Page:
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Wendi Stewart - Wendi with an 'eye'

Wendi lives in Nova Scotia’s Annapolis Valley, but the farm on Rainy River in Crozier will always be her home. MEADOWLARK, her debut novel released September 15, is published by NeWest Press of Edmonton. She is the mother of four daughters who did the unforgivable: they grew up.

How well does your garden grow?

I went a little crazy with my pre-gardening plans this year. I've started seeds and no longer have a spare room. That room now is a seedling nursery, with the bed and a table covered with little pots housing plants of every variety in excessive numbers.

It's a bit like an all-you-can-eat buffet, where the eyes are bigger than the stomach and it is feared this may very well be the last available meal, ever, so the plate is piled high, too high. And as you walk to the car, your belly groaning and complaining, you ask yourself, “What was I thinking?”

Maybe trains are the way to go

If you get the chance to escape the winter next season for a warm clime and Sunwing is in charge, I suggest you forego the opportunity.

My daughter returned from a Sunwing Vacation some 15 days ago (while I am writing this) with her husband and two small children. Their expensive stroller and luggage vanished somewhere between Cuba and Toronto—jettisoned, perhaps, over the Atlantic to save on fuel.

As misery loves company, there is a very long list of sun-seeking travellers in the same boat, so to speak, though a boat might have been the better option for mode of travel.

I fell but got back up

We often hear the advice from others as the calendar turns over at our birthday—marking another year having galloped into the great abyss, out of sight.

“You're not getting any younger.” Not exactly a revelation like the splitting of the atom or landing on the moon or the discovery of insulin.

My body is more aware of that fact than I am, oftentimes complaining into the wee hours of the night, in a language that doesn't always translate well, whining about the various injuries, mostly from falls from horses.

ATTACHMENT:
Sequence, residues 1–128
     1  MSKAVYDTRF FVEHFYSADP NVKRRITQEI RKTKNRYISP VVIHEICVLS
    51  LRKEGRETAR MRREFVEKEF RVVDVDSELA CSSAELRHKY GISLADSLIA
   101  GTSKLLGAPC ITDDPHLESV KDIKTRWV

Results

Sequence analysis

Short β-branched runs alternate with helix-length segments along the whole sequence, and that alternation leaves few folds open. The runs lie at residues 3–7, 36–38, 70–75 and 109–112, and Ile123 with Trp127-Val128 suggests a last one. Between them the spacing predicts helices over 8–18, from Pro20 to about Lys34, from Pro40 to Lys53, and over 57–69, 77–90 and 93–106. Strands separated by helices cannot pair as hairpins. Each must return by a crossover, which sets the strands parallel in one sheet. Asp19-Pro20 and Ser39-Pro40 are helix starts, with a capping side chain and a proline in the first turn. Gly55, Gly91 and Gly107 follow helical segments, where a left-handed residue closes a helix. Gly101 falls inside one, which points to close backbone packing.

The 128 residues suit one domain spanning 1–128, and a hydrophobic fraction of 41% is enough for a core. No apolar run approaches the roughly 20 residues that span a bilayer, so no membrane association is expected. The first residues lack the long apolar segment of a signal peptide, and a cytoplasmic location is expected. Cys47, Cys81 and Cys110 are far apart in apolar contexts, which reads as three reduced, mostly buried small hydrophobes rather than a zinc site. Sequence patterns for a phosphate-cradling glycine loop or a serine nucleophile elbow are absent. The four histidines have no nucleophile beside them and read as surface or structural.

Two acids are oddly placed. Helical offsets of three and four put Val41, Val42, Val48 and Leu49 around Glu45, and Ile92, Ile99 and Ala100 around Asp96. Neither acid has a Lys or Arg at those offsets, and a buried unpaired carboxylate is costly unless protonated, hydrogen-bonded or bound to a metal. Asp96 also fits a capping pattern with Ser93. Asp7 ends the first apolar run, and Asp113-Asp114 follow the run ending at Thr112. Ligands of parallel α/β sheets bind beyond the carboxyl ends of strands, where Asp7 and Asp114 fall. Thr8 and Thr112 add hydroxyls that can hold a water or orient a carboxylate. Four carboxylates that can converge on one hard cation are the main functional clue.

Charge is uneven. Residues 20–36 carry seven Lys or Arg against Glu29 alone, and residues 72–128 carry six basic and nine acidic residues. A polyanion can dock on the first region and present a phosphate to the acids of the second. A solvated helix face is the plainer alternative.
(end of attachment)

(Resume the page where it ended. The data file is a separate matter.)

The wisdom of a bear named 'Pooh'

My father called me Winnie Pooh when I was little, dropping the “the” so as not to be accused of violating copyright laws (I'm sure that was the reason).

When I re-read the letters he wrote to me just before he died, letters I've read at least a hundred times, he started each one with “Dear Pooh,” simplifying the name even more and willingly copying the habit of those referring to Winnie the Pooh.

The true beauty of friendship

Friendship is like a secret hide-out; the kind of place I imagined as a child to escape to from nightmares, to run away from disappointment—a place where I was completely perfect with all my flaws, some of them more noticeable than others.

My height was a flaw when I was young. I was short—the shortest in my class with the other Wendy, Wendy Cross. We were positioned on the ends of the first row for school class pictures year after year, as if we were place-holders to keep the row from toppling over or running off.

Let's all go for a car ride

Just the other day I was remembering Sunday drives from my childhood—the whole family piled into the car, only a brief argument about who got stuck in the middle. Me. The burden of being the youngest.

Erma Bombeck said never have more children than you have car windows. She was right.

Sometimes those drives would be quiet, everyone lost in their own thoughts, and other times the conversation was lively—stories spilling, one into another; everyone having a chance to be heard.

For Will and his family

I was thinking of what it means to be part of a community—a community who has known you since you were little; when they saw you on the street and were surprised at how you'd changed, how you'd grown, how you can ride a bike, drive a car, get a job.

I think when we are young, we maybe take the idea of community for granted. We feel the burden of the ordinary, wanting at some point to fly, fly alone and shed who we were to get a glimpse of who we might be.

Community can know our stories before we do, putting their own spin on the facts at times.

'Look up at the stars'

The world grew a little quieter on March 14, 2018 with the passing of Stephen Hawking.

Not grounded in anything defendable, I somehow thought Stephen would live forever—the champion of a disease that held his body captive for 55 years but not his mind.

“In my mind I am free,” Stephen said. And his mind soared amongst the stars in a universe he had an unlimited passion and curiosity for.

I loved Saturday morning cartoons

I remember Saturday morning cartoons with great fondness.

I know we “older generation” types can be nostalgic fools, none more so than me, and our traditions and habits tend to outshine those of the generations following when we set about engaging in comparison duels and usually, not always but often, it is merely a matter of perspective; one not better than the other.

However, we always qualify our confessions of equality as though that somehow gets us off the hook of being judgmental.

Harnessing the power of fear

There are days, many days, when I feel afraid; where my breath comes in gasps at times and my stomach confirms my fear.

There are many things to be afraid of on a national level and an international level, and even within our own communities where, for example, racism still brews when one would think it should be long dead.

Not long ago, I was at an art exhibit in Halifax and a local artist with a very deep pedigree was in the crowd. He said he was afraid every time he picked up a paint brush and that self-doubt was/is his constant companion.